Is the energy transition impossible?
Published on: May 6, 2020

Dear all,

Is the energy transition impossible? Will it work? Here in Germany?

Last week I was interviewed by a journalist for a German automotive industry journal. I had checked the numbers before: Germany produces some 500 TWh of electricity per year, a third of it from coal. Some 2k TWh are imported as oil and gas. These amounts are huge, and if I compare it with the figures of the PV plant on my house I start crying. A drop in the ocean is significant compared to what I do. The same PV plant in a country like Iran would produce twice as much since it’s not so foggy there in winter. Is the German way really good?

A possible solution is offshore wind. It can be expanded massively, and at least in Germany many gas power plants are dreaming of 4k full load hours. Everything ok? Maybe. Maybe not. How far can we go? Good question.

Someone who is really an expert on this subject is Matthias Deutsch of Agora Energiewende from Berlin, Germany. Agora is a leading think tank and one of the most important consultants of the German government with respect to the energy system. I have known Matthias for like 18 years, and he has been the project leader of many studies on “Deep Decarbonization” and the energy system of 2050.

Now he has done two studies with two institutes – Max Planck in Germany and DTU in Denmark – who came to the same conclusion: The more offshore wind power plants, the lower the production per plant. The system “offshore” has limits. Ouch! In the Netherlands, Shell wants to build 10GW of offshore wind power plants to produce hydrogen. Interesting, isn’t it? But: Will this ever be possible?

Next Wednesday, Matthias and his colleagues will present their results and discuss the question with you if offshore wind is a good idea. What can be done with it and how much. If Germany shouldn’t back down and produce the energy somewhere else and import it. And last but not least you will have the unique opportunity to ask one of the biggest experts on decarbonization here in Germany all the questions that keep you awake at night. 🙂

Here’s the registration:
Webinar: “The limits of offshore wind and hydrogen production.”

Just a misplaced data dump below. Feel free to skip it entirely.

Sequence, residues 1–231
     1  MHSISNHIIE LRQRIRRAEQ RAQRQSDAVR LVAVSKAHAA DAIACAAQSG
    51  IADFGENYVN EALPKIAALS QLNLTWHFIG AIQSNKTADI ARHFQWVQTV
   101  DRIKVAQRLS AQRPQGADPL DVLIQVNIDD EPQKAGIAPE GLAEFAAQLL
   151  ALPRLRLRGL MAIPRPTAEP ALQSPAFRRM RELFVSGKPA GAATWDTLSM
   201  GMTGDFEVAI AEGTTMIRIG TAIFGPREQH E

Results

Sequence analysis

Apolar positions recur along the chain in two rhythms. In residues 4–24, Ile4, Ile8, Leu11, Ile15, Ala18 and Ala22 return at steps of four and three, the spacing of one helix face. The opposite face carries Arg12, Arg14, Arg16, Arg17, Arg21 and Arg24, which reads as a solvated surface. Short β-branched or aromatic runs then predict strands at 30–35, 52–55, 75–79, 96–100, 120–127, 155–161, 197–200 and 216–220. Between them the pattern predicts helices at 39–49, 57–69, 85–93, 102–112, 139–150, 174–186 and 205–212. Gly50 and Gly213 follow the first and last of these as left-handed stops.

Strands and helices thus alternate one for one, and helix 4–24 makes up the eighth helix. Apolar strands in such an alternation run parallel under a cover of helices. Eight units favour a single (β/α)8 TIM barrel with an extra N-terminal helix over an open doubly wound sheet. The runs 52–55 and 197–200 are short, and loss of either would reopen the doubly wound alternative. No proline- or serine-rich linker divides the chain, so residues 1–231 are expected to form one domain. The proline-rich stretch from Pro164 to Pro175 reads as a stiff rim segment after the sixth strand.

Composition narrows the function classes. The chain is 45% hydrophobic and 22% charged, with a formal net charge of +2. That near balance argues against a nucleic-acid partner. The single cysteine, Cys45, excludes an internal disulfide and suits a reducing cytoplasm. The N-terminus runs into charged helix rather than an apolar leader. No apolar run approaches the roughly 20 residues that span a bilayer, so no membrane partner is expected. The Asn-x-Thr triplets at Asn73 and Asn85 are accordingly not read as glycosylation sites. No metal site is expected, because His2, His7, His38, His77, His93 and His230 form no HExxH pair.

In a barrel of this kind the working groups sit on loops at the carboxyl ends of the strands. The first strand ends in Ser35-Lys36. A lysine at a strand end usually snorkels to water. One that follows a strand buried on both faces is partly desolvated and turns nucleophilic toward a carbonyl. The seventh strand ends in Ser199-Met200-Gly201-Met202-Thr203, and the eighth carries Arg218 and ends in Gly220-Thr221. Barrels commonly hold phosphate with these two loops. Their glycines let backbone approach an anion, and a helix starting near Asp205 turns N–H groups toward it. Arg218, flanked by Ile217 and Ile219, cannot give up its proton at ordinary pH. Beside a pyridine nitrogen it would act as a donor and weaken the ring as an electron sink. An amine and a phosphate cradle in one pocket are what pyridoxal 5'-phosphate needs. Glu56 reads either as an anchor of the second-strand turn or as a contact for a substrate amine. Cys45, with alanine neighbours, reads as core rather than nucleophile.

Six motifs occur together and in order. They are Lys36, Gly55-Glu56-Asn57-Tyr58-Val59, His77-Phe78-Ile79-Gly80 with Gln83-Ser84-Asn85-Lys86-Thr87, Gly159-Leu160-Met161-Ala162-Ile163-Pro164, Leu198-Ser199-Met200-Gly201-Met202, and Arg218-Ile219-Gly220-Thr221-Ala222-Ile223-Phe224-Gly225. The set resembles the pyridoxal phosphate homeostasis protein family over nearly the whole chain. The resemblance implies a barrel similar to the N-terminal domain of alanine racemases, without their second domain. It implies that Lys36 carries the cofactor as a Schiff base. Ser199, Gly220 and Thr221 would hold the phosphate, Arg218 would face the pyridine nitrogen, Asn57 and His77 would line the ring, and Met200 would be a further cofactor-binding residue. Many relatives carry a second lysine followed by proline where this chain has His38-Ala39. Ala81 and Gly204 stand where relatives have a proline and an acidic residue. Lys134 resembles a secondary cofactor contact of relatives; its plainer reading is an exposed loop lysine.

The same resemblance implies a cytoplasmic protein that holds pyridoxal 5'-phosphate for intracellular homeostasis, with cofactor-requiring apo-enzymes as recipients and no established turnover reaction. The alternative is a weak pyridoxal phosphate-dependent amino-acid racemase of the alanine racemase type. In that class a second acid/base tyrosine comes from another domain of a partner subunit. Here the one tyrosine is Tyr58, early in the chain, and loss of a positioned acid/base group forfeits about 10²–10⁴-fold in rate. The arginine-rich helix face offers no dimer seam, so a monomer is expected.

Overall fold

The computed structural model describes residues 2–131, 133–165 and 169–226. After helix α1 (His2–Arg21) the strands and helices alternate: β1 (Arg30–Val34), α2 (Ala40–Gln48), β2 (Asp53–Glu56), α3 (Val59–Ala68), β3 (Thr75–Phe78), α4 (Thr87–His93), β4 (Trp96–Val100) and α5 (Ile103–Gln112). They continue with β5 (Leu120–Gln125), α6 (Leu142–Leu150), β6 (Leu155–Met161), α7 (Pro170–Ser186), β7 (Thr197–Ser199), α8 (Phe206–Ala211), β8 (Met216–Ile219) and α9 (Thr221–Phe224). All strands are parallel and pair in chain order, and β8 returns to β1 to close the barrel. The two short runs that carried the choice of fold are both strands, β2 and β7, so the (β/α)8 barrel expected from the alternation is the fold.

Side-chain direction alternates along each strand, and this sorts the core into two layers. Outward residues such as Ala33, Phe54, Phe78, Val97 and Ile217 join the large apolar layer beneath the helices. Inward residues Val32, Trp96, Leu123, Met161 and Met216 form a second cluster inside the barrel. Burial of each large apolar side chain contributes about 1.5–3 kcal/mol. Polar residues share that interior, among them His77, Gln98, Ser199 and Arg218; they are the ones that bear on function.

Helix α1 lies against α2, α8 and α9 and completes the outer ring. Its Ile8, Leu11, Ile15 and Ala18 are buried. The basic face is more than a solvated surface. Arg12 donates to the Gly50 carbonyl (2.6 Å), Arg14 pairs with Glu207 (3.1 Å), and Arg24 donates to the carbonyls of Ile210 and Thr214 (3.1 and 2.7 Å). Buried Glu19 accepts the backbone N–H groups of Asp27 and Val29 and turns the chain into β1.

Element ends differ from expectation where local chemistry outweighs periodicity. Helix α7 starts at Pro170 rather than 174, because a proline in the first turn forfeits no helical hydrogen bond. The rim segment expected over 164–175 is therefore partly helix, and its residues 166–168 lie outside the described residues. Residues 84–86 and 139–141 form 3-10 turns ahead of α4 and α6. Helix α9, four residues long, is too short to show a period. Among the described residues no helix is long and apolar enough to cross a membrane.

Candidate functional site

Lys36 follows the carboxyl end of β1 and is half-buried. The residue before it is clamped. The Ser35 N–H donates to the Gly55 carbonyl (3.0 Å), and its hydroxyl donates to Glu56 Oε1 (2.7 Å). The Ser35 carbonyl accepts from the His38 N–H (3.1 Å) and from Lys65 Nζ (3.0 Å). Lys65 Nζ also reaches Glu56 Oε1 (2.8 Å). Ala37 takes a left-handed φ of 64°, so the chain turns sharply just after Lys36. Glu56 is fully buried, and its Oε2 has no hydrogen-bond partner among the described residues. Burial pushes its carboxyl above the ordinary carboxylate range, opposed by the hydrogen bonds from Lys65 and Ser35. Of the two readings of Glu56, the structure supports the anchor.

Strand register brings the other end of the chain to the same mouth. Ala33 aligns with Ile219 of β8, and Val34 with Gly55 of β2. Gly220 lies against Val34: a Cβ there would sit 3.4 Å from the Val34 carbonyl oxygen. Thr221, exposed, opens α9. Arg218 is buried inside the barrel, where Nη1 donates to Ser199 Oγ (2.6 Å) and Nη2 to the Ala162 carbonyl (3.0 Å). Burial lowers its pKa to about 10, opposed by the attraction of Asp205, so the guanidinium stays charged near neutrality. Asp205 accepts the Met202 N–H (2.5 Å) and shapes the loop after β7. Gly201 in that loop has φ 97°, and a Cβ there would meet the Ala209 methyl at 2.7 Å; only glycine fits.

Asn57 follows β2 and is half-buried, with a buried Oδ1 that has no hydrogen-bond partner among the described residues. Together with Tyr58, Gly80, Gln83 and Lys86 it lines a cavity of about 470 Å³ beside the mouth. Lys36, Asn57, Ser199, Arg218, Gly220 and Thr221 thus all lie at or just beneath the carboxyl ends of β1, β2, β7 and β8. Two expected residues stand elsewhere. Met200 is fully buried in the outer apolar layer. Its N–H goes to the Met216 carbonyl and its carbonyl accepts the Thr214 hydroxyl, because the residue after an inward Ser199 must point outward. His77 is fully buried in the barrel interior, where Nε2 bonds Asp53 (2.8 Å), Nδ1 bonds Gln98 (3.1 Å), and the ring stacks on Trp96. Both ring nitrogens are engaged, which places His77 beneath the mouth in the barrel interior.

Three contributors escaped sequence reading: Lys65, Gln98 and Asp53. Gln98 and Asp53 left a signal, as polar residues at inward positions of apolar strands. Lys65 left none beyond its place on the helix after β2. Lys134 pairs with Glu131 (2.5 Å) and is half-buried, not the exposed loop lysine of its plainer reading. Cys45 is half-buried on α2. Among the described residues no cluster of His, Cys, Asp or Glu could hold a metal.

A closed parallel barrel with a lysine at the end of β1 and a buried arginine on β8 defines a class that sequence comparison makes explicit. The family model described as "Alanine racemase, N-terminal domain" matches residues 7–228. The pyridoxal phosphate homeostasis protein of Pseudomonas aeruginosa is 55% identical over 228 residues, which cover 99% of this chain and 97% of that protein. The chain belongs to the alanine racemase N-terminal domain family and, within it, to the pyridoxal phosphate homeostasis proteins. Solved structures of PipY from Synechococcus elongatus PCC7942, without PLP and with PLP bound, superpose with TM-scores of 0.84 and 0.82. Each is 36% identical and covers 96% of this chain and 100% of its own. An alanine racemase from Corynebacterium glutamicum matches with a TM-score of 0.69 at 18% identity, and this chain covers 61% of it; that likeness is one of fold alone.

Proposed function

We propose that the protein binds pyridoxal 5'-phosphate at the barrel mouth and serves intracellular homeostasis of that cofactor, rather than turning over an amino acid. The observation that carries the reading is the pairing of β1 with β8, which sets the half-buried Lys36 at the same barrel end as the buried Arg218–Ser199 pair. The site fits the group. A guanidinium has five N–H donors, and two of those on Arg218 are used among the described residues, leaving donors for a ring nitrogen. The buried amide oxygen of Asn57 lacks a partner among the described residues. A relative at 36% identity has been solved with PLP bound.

Speakers: Dr. Matthias Deutsch (Agora Energiewende); Dr. Axel Kleidon, Max-Planck-Institute for Biogeochemistry; Jake Badger, Technical University of Denmark, Department of Wind Energy
Date: Wednesday, May 13, 2020, 5pm CET (8am PST, 11am EST, etc.)
Language: English
Price: free

I am really looking forward to that webinar since it will give us some really good input for all the discussions. No blah, but clean and precise facts that everyone of us can use for our daily decisions.

By the way: If you want to stay up-to-date and know which webinar is up next, take a look at or sign up for the Mission Hydrogen Newsletter:

Have a nice day.

PS: Someone asked me recently if we do those free webinars for charity. Yes and no. On the one hand, we believe it’s absolutely necessary to disseminate the knowledge we all need. On the other hand, the webinar series has sponsors that are being seen by thousands of people from their exact target group. Currently, the Gold and Silver Sponsors are: Burckhardt Compression, Neuman & EsserCummins and Linde. If you want to become a webinar sponsor as well and make sure you are promoted in such an email to 32,274 readers around the world, please let me know.

Dr. David Wenger

Follow the discussion on LinkedIn.

Or send an e-mail to: solution(at)

30,000 people from over 100 countries read David Wenger’s email blog every week.

Sign up to be infotained about hydrogen, electromobility and renewable energies.

*By clicking on “Subscribe” you agree to the use of your data for marketing purposes in the context of our privacy policy. Your data is safe with us and will be treated confidentially.